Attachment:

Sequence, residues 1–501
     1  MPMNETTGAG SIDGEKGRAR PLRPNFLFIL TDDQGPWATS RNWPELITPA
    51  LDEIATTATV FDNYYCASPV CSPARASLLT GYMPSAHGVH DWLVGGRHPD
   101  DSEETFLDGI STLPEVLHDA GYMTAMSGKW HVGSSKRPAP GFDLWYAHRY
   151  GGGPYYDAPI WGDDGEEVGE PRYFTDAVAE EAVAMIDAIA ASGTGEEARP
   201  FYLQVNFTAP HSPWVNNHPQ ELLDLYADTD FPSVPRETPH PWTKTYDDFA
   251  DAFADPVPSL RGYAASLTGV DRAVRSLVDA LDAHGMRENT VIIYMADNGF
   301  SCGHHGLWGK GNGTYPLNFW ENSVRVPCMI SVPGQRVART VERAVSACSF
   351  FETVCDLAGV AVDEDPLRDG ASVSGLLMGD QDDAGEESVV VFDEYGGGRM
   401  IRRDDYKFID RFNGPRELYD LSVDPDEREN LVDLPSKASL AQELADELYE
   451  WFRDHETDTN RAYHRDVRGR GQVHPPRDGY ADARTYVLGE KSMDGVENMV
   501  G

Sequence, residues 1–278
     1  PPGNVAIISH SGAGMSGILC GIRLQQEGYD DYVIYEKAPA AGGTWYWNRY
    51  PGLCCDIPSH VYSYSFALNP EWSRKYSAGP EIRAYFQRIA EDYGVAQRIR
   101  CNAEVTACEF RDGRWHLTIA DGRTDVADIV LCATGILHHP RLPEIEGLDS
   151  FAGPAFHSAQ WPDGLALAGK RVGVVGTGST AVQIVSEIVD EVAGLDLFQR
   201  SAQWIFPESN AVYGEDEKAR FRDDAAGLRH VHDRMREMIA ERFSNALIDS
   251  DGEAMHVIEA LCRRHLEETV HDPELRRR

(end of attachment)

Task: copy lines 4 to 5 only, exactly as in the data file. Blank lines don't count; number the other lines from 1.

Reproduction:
   101  DSEETFLDGI STLPEVLHDA GYMTAMSGKW HVGSSKRPAP GFDLWYAHRY
   151  GGGPYYDAPI WGDDGEEVGE PRYFTDAVAE EAVAMIDAIA ASGTGEEARP